Excellent article! I was researching PTSD in graduate school and learned about complex PTSD back in 2006. You article was right on target, practical and useful, as are your 13 tools for managing emotional falshbacks. Keep up the good work!
Ed Saddy
Thank you. This piece is uplifting and I feel permission to be kind to myself. Please keep writing.
This is a fantastic and deeply compassionate and human centered perspective. It could also be applied to people who have been subjected to less intense forms of neglect but which nevertheless cause the person to behave in selfabandoning ways, particularly within relationships. The interventions list is a much needed 'how - to' set of tools that is all too often absent in and amongst all the theorising that abounds in the world of the helping professions.
francesca Zammit Cutajar
I wonder, can a form of PTSD be caused by emotional abuse and abandonment in adult life, say from adultery and a nasty divorce. The have experience I have had with some people rings very true to PTSD from childhood abuse. What are the main differences, if any, between symptoms and treatments for PTSD (or PTSD like reactions) as result of abandonment and emotional abuse in adults?
I feel the same way as the other commenters.. what a helpful, thoughtful, thorough, well written article! I feel like I have been 'set free' so to speak. - Years of trying to put words to what I go through - depression, anxiety, panic, triggers, mood swings, - self loathing, worthlessness - and all of it connected, I knew, to the parenting I never got and to the family that still treats me like the garbage can for all of their troubles as I sink deeper into self blame. Thank you, thank you, thank you. I will be working on the techniques you recommend. I will never forget this article.. ever.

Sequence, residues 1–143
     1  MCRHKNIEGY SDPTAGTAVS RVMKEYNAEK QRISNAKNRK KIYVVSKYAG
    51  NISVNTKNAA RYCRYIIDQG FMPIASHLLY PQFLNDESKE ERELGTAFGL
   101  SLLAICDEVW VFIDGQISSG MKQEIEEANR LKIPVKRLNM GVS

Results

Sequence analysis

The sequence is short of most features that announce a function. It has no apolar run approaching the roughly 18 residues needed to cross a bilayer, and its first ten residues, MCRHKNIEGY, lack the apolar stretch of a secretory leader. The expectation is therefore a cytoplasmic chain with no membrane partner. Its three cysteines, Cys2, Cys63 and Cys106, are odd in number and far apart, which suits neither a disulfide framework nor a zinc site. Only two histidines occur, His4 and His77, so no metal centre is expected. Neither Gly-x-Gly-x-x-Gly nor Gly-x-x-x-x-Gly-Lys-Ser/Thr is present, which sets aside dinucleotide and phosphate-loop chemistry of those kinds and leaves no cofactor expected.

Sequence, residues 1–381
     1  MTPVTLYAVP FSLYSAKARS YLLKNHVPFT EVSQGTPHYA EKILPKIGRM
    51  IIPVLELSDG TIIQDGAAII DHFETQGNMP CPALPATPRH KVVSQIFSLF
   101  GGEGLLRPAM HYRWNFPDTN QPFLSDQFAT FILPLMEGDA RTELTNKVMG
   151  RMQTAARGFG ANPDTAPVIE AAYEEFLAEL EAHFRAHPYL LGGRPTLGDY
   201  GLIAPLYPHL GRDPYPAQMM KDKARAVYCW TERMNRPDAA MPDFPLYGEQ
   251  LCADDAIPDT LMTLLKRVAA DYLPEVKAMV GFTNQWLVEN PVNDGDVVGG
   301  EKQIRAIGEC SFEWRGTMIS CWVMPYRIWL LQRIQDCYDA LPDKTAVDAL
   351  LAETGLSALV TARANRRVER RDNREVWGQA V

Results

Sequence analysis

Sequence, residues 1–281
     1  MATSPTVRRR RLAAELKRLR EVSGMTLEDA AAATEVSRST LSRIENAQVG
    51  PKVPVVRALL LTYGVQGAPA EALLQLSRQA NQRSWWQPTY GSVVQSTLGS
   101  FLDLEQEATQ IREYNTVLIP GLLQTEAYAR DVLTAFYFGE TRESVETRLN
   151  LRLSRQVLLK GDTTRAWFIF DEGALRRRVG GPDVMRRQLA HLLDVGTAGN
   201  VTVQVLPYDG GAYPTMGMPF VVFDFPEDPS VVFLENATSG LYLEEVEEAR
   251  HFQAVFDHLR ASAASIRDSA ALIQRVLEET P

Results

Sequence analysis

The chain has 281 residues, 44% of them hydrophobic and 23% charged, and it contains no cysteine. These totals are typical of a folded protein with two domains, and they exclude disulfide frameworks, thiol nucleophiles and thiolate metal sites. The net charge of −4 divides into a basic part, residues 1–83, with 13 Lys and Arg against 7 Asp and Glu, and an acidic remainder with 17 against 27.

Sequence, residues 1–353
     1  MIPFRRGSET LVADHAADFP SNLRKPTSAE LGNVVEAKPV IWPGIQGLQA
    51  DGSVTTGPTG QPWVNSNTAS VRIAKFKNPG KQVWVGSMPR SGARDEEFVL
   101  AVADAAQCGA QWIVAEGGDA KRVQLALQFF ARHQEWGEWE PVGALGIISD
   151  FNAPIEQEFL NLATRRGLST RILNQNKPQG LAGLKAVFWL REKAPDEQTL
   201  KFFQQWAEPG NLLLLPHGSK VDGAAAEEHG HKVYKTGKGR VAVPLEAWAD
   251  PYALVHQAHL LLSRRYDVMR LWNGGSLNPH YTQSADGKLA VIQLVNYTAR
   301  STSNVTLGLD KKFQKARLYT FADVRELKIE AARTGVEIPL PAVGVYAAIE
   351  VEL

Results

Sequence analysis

Thank you so much for such a deeply caring article. It's helped enormously now and I have no doubt will continue to in the future. The pain of the shame of existence can't be trumped. But thank you again for showing me it can slowly be put to rest.
Pete Walker. You have given me a model and words with with which to materialize and emote my lifelong pain of infantile issolation and emotional neglect. You are the only one I have found writing directly on this. You are feeding my tramatized inner child. Thank you for loving him through you work.
This article was so dead on....unbelieveably helpful. Fortunately, I have a great therapist, but even so - it added enormously to my understanding of things. Thank you, Pete Walker!!
No comments?! Reading this article has done more to help me heal than my five years plus worth of weekly psychotherapy sessions that I currently participate in! Eternally grateful to you, Pete Walker!
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CE credits: 1.5
Learning objectives:

  • Define emotional flashbacks.
  • Describe therapeutic tasks for working with clients who suffer emotional flashbacks.
  • Educate clients about the author's thirteen tools for managing their own emotional flashbacks.